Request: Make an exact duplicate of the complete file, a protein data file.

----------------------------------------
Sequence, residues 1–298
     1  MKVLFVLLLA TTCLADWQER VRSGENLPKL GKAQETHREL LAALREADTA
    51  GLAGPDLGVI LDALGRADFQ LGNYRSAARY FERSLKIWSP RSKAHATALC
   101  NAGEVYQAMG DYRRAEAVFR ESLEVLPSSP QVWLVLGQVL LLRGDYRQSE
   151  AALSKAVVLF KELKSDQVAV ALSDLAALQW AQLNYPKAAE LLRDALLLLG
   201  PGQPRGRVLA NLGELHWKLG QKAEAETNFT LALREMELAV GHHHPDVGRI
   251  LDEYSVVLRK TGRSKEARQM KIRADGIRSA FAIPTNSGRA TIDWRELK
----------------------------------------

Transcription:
Sequence, residues 1–298
     1  MKVLFVLLLA TTCLADWQER VRSGENLPKL GKAQETHREL LAALREADTA
    51  GLAGPDLGVI LDALGRADFQ LGNYRSAARY FERSLKIWSP RSKAHATALC
   101  NAGEVYQAMG DYRRAEAVFR ESLEVLPSSP QVWLVLGQVL LLRGDYRQSE
   151  AALSKAVVLF KELKSDQVAV ALSDLAALQW AQLNYPKAAE LLRDALLLLG
   201  PGQPRGRVLA NLGELHWKLG QKAEAETNFT LALREMELAV GHHHPDVGRI
   251  LDEYSVVLRK TGRSKEARQM KIRADGIRSA FAIPTNSGRA TIDWRELK